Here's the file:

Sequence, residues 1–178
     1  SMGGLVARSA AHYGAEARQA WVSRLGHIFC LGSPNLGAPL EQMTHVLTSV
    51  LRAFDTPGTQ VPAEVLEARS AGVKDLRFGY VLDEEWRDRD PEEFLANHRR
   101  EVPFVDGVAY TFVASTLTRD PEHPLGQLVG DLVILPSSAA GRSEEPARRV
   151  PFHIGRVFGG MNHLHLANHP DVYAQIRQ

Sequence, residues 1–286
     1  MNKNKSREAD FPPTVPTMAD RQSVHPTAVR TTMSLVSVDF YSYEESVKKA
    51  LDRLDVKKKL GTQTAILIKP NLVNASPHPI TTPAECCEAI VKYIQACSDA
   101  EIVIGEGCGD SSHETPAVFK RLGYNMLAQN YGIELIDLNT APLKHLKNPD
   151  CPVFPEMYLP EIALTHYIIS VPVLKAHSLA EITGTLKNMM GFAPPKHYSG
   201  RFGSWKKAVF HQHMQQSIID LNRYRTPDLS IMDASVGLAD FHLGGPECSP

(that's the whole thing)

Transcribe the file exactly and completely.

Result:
Sequence, residues 1–178
     1  SMGGLVARSA AHYGAEARQA WVSRLGHIFC LGSPNLGAPL EQMTHVLTSV
    51  LRAFDTPGTQ VPAEVLEARS AGVKDLRFGY VLDEEWRDRD PEEFLANHRR
   101  EVPFVDGVAY TFVASTLTRD PEHPLGQLVG DLVILPSSAA GRSEEPARRV
   151  PFHIGRVFGG MNHLHLANHP DVYAQIRQ

Sequence, residues 1–286
     1  MNKNKSREAD FPPTVPTMAD RQSVHPTAVR TTMSLVSVDF YSYEESVKKA
    51  LDRLDVKKKL GTQTAILIKP NLVNASPHPI TTPAECCEAI VKYIQACSDA
   101  EIVIGEGCGD SSHETPAVFK RLGYNMLAQN YGIELIDLNT APLKHLKNPD
   151  CPVFPEMYLP EIALTHYIIS VPVLKAHSLA EITGTLKNMM GFAPPKHYSG
   201  RFGSWKKAVF HQHMQQSIID LNRYRTPDLS IMDASVGLAD FHLGGPECSP